Census Record from 1900, listing Charles Lang Freer, Head of House, born February 1856.
As located using HeritageQuest Online, access provided by my Arlington County Library card! *Added to evidence.
Passport Application filed in 1899 (5 years after previous one in Paris listing 1854), provided by the National Archives via footnote.com. *Added to evidence.
Letter to close friend Thomas Jerome in 1906, congratulating his friend on his Birthday and stating he will soon pass his half century mark. Located in the Charles Lang Freer papers, Freer|Sackler Archives.
There are numerous obituaries, including the New York Times that state Freer's birth year as 1856. And Freer's assistant in many things for the last years of his life, Katherine Rhoades states in letters and in her 1923 type publication, that Freer's birth year was 1856. (The 1923 type publication can be located in the Freer|Sackler Library).
Conclusiveness in addition to when his birth year was is up for argument! In speaking with several of the Charles Lang Freer experts I can tell you that they all favor 1854. Which is not surprising as they and their peers had a hand in deciding the 1854 vs 1856 fate back in 1992. I think they lend historical credence to the early 1860 census and Freer Family Bible, as is historical research practice. Conversely, 1991 evidence suggests the my former archivist peers preferred the 1856 date as more recent federal documents, and the writings of a woman who knew him better than the rest (at least in later life), all claimed 1856. It is interesting to note that in 1957, the Freer Gallery also validated 1856 when it held a 100th Birthday celebration with "An Appreciation of Charles Lang Freer."
And my own conclusion? I find the evidence on both sides to be compelling, and inconclusive. But more importantly, I think we need to answer: why the confusion? Why would Freer provide two different years in both federal documentation and personal notes to friends? Is it simply a matter of vanity, where it's customary to shave two years off your age when you reach mid-life? (Would you really go as far as submitting false testimony on federal documents?) The bulk of the 1856 evidence does occur between 1899-1906 when Freer would have (roughly) been 43-50. I think if you're going to go with that theory you should also note that 1899-1906 was a very transformative time in Freer's life. He succeeded in consolidating his railroad car building companies, he retired from stressful business work and started traveling the world, he bought a villa in Capri (mid-life crisis anyone?), and the Smithsonian formally accepts his gift to the nation.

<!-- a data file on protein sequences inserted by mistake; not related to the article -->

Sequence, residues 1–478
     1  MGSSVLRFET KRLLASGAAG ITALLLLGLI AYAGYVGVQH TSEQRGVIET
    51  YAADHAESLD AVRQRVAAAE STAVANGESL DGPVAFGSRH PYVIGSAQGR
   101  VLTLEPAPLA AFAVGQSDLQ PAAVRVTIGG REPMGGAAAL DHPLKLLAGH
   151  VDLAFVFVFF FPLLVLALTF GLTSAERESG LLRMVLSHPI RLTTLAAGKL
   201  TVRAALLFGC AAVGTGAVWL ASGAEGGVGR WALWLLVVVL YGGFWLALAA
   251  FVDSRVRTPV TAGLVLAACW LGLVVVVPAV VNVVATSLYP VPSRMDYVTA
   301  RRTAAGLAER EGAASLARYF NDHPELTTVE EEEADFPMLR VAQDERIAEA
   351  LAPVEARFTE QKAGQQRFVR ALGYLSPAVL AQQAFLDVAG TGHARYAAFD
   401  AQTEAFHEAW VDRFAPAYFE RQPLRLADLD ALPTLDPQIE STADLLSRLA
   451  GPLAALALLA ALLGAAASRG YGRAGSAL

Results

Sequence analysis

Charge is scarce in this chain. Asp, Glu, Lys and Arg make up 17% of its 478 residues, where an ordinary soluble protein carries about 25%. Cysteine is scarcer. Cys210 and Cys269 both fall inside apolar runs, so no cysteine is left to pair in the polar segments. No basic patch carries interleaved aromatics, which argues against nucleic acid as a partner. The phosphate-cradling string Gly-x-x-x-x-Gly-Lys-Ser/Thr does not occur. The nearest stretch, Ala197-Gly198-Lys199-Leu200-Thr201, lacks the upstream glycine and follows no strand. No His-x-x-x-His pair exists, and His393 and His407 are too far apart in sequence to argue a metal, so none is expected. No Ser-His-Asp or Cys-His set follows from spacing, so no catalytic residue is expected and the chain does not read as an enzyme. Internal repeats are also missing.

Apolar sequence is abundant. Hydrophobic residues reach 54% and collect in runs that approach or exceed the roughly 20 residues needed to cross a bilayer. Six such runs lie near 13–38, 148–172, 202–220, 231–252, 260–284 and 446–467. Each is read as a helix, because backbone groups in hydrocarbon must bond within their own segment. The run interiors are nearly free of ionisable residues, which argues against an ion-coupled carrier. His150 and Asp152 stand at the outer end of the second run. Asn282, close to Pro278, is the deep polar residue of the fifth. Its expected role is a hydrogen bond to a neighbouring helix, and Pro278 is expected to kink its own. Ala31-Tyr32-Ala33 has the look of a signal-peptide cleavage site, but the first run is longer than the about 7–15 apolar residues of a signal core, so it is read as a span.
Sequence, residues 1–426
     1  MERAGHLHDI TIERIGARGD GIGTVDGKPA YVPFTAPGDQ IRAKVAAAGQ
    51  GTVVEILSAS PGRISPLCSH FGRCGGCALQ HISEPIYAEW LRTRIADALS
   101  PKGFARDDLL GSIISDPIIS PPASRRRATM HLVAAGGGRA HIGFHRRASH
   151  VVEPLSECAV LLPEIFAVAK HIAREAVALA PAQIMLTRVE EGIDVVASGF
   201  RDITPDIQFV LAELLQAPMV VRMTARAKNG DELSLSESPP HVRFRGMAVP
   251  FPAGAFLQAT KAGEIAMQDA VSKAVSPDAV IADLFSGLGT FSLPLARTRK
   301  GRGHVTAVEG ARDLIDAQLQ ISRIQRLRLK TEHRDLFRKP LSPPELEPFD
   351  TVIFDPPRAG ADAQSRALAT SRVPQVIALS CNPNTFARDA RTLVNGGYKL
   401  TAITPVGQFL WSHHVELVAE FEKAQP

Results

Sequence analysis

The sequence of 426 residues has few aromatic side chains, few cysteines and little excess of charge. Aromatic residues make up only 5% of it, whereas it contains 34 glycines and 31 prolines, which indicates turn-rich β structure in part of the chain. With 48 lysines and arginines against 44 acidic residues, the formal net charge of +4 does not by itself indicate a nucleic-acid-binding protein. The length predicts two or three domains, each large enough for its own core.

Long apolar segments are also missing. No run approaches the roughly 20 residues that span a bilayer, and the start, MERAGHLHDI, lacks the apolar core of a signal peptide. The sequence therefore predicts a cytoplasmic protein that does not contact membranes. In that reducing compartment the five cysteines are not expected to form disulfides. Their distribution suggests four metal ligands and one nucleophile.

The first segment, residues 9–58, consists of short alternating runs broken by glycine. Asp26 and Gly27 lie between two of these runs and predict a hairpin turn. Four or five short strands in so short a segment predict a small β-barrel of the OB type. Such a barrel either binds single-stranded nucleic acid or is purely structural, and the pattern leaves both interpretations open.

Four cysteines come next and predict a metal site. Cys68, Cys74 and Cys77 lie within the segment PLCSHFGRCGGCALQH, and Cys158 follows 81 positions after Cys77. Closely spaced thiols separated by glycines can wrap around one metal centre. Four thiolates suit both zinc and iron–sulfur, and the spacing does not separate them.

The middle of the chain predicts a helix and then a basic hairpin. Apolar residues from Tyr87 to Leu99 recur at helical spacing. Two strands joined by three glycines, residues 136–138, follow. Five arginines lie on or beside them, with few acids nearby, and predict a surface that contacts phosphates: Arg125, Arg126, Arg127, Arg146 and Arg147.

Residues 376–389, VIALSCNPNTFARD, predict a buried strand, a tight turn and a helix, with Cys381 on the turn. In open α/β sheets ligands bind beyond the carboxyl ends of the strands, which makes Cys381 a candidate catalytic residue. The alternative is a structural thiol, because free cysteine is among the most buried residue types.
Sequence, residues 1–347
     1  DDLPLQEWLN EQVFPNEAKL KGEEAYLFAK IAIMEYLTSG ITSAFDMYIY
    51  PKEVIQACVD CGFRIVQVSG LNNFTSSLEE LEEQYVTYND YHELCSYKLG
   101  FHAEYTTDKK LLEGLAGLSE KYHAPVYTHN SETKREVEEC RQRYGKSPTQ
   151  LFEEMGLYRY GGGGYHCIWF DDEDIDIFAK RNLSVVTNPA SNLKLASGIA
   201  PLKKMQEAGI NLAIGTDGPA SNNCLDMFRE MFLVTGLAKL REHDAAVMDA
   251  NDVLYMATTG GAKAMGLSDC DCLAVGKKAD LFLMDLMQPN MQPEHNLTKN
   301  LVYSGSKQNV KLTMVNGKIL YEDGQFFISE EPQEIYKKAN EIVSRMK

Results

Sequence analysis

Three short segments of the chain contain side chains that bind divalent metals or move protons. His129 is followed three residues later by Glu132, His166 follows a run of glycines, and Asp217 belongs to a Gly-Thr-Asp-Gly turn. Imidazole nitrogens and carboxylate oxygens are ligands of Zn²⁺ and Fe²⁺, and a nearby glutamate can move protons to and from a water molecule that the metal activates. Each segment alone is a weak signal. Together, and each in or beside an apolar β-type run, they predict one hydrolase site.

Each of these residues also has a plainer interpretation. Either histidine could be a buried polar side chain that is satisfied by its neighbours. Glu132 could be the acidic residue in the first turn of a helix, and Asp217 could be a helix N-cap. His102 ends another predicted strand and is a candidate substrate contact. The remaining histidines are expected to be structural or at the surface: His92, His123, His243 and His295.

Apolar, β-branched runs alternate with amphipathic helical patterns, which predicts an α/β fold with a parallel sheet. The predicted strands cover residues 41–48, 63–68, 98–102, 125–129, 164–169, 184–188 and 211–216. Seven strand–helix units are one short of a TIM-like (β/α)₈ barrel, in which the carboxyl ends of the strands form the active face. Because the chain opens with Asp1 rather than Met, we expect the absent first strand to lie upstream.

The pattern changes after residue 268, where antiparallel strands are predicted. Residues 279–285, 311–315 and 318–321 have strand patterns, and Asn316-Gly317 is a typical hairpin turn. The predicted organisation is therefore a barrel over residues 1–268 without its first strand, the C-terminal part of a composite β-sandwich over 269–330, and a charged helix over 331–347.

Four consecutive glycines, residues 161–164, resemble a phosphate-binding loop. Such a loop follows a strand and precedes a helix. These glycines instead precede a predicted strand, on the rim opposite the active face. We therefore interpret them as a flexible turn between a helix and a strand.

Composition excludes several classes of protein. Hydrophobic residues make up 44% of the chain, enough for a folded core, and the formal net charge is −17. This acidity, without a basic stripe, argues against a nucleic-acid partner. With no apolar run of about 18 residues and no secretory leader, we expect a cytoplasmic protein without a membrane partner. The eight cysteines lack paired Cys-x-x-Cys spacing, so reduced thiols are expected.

I think another possibility is that given the historical context of the years he grew up in, and that we know he came from a poor, large family; it may be possible he just didn't know his real birth year, or had reason to doubt it mid-life. Either reason is thought-provoking, but I don't think quite fills in the whole puzzle. I am also certain there are probably 100 more plausible reasons as to why Freer would use both birth years.
The only concrete knowledge that comes out of my amateur investigation is that there is one more layer of mystery surrounding Charles Lang Freer. Perhaps in the future I can write to you the accounts of why Freer never married, why he decided not to leave Detroit with his art treasures, and why he kept his Peacock Room purchase a mystery. Nothing confirming or condemning, but as you see here, there is a lot that can be read between the lines.
Rachael Cristine Woody